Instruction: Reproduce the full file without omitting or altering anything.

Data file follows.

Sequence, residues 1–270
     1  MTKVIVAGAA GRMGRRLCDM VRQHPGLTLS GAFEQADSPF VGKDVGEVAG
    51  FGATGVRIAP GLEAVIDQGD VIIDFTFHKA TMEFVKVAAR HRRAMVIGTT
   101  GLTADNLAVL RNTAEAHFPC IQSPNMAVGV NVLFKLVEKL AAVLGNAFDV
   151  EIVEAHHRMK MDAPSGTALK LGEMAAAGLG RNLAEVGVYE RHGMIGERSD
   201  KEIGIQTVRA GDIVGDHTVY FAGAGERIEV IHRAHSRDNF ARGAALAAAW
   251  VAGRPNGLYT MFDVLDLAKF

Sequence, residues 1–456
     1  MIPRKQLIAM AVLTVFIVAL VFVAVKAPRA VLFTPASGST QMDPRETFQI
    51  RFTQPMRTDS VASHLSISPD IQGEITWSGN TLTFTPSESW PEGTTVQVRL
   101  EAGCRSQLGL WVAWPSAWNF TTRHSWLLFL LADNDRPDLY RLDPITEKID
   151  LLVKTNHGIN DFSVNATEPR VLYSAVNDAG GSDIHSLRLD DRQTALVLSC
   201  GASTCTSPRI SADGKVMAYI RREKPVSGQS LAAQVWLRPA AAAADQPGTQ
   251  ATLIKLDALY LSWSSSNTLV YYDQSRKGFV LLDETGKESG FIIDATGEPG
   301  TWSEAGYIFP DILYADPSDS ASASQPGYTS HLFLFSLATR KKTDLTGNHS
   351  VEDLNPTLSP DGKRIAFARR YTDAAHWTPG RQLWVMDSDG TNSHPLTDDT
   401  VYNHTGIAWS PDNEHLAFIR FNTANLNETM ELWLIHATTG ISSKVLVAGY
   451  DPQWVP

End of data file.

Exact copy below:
Sequence, residues 1–270
     1  MTKVIVAGAA GRMGRRLCDM VRQHPGLTLS GAFEQADSPF VGKDVGEVAG
    51  FGATGVRIAP GLEAVIDQGD VIIDFTFHKA TMEFVKVAAR HRRAMVIGTT
   101  GLTADNLAVL RNTAEAHFPC IQSPNMAVGV NVLFKLVEKL AAVLGNAFDV
   151  EIVEAHHRMK MDAPSGTALK LGEMAAAGLG RNLAEVGVYE RHGMIGERSD
   201  KEIGIQTVRA GDIVGDHTVY FAGAGERIEV IHRAHSRDNF ARGAALAAAW
   251  VAGRPNGLYT MFDVLDLAKF

Sequence, residues 1–456
     1  MIPRKQLIAM AVLTVFIVAL VFVAVKAPRA VLFTPASGST QMDPRETFQI
    51  RFTQPMRTDS VASHLSISPD IQGEITWSGN TLTFTPSESW PEGTTVQVRL
   101  EAGCRSQLGL WVAWPSAWNF TTRHSWLLFL LADNDRPDLY RLDPITEKID
   151  LLVKTNHGIN DFSVNATEPR VLYSAVNDAG GSDIHSLRLD DRQTALVLSC
   201  GASTCTSPRI SADGKVMAYI RREKPVSGQS LAAQVWLRPA AAAADQPGTQ
   251  ATLIKLDALY LSWSSSNTLV YYDQSRKGFV LLDETGKESG FIIDATGEPG
   301  TWSEAGYIFP DILYADPSDS ASASQPGYTS HLFLFSLATR KKTDLTGNHS
   351  VEDLNPTLSP DGKRIAFARR YTDAAHWTPG RQLWVMDSDG TNSHPLTDDT
   401  VYNHTGIAWS PDNEHLAFIR FNTANLNETM ELWLIHATTG ISSKVLVAGY
   451  DPQWVP